Editor's note: In the original version of this article, Deyanira Nuñez' title was listed incorrectly. The original article also stated she was once a part of HACU, which is not true. Both of these inaccuracies have since been corrected. The Daily Lobo apologizes for any confusion.
Eliseo “Cheo” Torres, a professor in the College of Education and vice president for Student Affairs, was inducted into the Hispanic Association of Colleges and Universities’ Hall of Champions on Saturday, Oct. 28 in San Diego, California.
Torres grew up in south Texas but moved to New Mexico in 1996 to work at the University of New Mexico as the vice president of Student Affairs and has stayed in the position thereafter.
Torres said he was a member of the group that first came up with the concept of HACU in 1985, before the association became official in 1986.
“It represents Hispanic-serving universities, some 400, and it started with about 19 or so,” Torres said.
HACU includes universities from the U.S., Mexico and Central and Latin America, Torres said.
Torres said HACU is reserved for universities that have a Hispanic student population of at least 25 percent. The group has leadership programs for students at the university and high school level. HACU also has a large internship program, where students are placed in federal government positions in Washington D.C. or in major companies throughout the country, he said.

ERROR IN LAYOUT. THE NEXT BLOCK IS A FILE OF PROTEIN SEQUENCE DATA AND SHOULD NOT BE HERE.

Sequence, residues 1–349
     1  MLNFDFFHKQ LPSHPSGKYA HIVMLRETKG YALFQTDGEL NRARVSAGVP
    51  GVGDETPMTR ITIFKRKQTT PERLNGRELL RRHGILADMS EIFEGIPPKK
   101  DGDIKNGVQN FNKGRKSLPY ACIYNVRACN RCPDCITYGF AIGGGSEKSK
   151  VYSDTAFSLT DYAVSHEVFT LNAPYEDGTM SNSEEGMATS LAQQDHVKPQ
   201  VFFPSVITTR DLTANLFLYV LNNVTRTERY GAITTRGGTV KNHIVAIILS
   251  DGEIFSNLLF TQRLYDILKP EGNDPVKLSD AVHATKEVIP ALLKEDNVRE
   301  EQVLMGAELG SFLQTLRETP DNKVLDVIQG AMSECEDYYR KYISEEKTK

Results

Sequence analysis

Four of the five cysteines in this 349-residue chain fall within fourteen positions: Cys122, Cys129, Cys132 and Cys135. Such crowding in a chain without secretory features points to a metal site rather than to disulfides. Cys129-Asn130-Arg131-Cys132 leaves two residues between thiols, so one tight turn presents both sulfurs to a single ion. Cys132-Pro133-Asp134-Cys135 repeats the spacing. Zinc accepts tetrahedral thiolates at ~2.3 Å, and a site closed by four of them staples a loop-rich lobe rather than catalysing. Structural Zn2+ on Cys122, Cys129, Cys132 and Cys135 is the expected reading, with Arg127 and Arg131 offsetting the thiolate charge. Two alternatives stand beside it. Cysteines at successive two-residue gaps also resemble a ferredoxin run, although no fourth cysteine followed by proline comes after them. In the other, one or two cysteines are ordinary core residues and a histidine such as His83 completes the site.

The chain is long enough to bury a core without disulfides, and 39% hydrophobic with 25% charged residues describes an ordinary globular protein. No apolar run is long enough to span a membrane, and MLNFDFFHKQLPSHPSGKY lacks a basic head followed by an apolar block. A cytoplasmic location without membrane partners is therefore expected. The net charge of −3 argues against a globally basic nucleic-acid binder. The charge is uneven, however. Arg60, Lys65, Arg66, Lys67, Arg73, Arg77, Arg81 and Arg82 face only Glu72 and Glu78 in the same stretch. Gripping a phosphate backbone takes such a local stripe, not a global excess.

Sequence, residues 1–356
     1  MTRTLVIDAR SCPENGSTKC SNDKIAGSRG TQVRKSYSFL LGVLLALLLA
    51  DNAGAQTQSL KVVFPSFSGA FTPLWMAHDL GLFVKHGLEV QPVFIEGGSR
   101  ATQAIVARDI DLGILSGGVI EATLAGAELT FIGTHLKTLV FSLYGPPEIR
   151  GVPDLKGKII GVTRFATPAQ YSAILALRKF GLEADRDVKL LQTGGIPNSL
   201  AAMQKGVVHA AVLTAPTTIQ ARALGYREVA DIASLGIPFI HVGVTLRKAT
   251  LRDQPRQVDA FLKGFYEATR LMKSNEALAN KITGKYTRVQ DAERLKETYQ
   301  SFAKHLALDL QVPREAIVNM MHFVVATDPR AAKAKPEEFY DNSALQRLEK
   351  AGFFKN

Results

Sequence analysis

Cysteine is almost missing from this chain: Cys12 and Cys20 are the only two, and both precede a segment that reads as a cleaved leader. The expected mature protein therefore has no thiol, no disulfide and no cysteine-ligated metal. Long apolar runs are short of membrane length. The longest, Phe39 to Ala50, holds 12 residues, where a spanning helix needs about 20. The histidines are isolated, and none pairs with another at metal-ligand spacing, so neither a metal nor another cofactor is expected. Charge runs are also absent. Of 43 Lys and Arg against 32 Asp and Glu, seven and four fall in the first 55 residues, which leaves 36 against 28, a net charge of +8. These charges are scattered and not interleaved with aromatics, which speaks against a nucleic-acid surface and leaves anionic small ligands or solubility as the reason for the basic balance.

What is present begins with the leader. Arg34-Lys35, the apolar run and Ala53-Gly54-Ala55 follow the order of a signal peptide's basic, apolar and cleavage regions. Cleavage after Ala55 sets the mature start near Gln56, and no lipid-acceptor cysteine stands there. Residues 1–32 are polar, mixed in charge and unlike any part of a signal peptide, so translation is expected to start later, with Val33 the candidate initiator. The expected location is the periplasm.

Torres estimates HACU has served close to 10,000 students.
Interim President Chaouki Abdallah nominated Torres for the recognition.
“He knows that I’ve been very active with HACU, and he surprised me and nominated me,” Torres said.
Deyanira Nuñez, a Student Affairs employee, began working with Torres as a participant through his fellowship program in 2014. Since then, she has been helping him with some of his projects, as well as assisting him with his class, Traditional Medicine Without Borders.
Nuñez described Torres as supportive.
“He is definitely someone that is willing to collaborate with you,” she said. “He’s willing to hear your ideas and help you get to where you want to be.”
Nuñez said Torres is very charismatic and loves getting to know people from inside and outside the University, especially with his class. She said he enjoys teaching his class and participating in his responsibilities at Student Affairs.
Torres said he felt honored to be among dear friends, heroes and mentors that have contributed a lot to Hispanic higher education while in San Diego for the ceremony.
“I just want to thank the students that make my life wonderful here at UNM, not only Hispanics, but all students in general. It’s been a pleasure working here for 21 years and getting to watch students blossom and consider higher education as a profession,” Torres said.
He said many students who have been involved with HACU have gone on to work at UNM or at another university. Many of them have also gone on to get their doctoral degrees and are spreading the knowledge and guidance that they received through HACU.
Kelly Urvanejo is a news reporter at the Daily Lobo. She primarily covers crime. She can be contacted at email@example.com or on Twitter @Kelly_Urvanejo.